Ranchi, Feb 19 (IANS) Around a million farmers are involved in the National Dairy Development Board’s activities, earning a profit of Rs. 15-20 per litre by selling milk to its various federations, a top official said here.
T Nanda Kumar, chairman of National Dairy Development Board (NDDB), said Gujarat topped the list in milk production followed by Karnataka. The total milk production in the country was over 140 million tonnes in 2014-15.
Nanda Kumar said the National Dairy Plan-1, now into its third year, is being implemented in 15 states, which account for more than 90 percent of the country’s milk production, over 87 percent of the breedable cattle and 98 percent of the country’s fodder resources.
Initially, NDP-I was approved for implementation in 14 milk potential states by the NDDB with a total outlay of Rs.2,242 crore for a period of six years from 2011-12 to 2016-17. Now the implementation period has been extended by two years till 2018-19 to achieve key outputs.
Nanda Kumar informed that NDDB now procures 400 million litres of milk and the two-year extension would help in achieving the desired results.
He said the government last June decided to include the three states of Uttarakhand, Jharkhand and Chhattisgarh that were formed in 2000 under NDP-1.
“It is extremely important to develop these three states, where poverty is an issue, as dairy development benefits the states socio-economically,” Nanda Kumar told IANS.
The NDDB had taken up the management of the Jharkhand State Cooperative Milk Producers Federation Limited in 2014, which has been selling milk under the Medha brand for five years.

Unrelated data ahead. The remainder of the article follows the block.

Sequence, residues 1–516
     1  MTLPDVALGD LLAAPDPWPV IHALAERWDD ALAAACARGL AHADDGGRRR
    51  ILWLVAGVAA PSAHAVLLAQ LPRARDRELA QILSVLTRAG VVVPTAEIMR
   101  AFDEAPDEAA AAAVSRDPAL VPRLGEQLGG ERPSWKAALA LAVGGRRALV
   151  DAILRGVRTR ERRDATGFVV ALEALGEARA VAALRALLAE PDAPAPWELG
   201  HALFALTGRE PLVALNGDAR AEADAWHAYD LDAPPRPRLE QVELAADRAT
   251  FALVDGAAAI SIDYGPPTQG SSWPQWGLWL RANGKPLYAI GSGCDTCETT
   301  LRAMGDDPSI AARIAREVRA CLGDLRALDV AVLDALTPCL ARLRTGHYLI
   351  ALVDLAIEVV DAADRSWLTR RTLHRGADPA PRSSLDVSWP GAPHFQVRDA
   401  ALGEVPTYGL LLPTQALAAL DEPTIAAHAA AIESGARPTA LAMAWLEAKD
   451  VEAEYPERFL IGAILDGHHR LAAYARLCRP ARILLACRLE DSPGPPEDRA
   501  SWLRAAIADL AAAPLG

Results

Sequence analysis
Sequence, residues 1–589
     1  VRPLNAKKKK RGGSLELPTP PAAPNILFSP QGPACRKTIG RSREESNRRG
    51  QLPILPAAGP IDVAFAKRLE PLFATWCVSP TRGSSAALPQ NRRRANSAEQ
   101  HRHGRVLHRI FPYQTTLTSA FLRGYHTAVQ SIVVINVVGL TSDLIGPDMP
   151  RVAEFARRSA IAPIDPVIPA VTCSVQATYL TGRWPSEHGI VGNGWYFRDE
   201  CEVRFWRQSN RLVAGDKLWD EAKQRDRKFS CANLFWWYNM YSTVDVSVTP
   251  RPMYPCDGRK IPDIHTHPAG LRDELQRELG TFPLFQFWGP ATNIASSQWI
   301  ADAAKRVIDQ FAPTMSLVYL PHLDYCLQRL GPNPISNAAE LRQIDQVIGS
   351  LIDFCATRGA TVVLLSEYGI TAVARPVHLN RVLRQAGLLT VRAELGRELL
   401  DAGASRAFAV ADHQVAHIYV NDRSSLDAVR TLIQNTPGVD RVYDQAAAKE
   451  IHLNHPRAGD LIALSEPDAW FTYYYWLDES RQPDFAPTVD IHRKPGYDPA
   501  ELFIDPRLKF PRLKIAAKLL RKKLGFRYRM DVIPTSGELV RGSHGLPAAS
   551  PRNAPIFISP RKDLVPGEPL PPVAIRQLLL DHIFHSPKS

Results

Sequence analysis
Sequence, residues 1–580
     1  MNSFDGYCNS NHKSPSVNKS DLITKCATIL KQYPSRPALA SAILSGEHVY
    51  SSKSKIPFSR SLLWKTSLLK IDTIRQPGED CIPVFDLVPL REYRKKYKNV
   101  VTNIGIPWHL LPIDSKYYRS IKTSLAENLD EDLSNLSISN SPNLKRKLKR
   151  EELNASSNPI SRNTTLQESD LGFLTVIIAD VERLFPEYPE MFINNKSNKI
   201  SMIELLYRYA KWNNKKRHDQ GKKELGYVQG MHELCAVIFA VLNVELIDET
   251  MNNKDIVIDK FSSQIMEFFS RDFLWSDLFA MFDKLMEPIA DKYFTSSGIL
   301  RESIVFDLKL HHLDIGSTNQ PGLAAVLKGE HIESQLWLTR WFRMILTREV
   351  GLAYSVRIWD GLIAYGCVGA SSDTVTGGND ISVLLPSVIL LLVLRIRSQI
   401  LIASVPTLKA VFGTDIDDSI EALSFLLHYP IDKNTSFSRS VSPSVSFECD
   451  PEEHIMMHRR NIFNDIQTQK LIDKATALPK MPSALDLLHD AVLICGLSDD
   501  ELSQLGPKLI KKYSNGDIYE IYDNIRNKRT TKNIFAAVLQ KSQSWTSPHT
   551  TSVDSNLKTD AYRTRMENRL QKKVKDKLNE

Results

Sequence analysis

“Once the 100,000 litre milk processing plant in Ranchi becomes operational, more and more farmers would be joining the state milk federation because of increase in price realisation,” he said.
“More than 20,000 farmers would be getting higher remunerative price at around Rs.27-Rs.28 per litre against Rs.16-Rs.17 per litre they used to get when private players used to procure milk from them,” he said.
The board has set up milk storage plants at 370 villages, where farmers from around 600 villages bring in their milk daily for purchase by the state milk federation.
However, in Jharkhand, power was a major constraint and the expenses get escalated as diesel-run milk coolers have to be pressed into service.
He said milk consumption was less in the eastern region, including Jharkhand and Assam.
NDDB, founded by Verghese Kurien, in 1965, fulfilled the desire of India’s second prime minister, Lal Bahadur Shastri, to extend the success of the Anand Cooperative Milk Producers’ Union (Amul) in Kaira, Gujarat, to other parts of India.
(Nityanand Shukla can be contacted at firstname.lastname@example.org)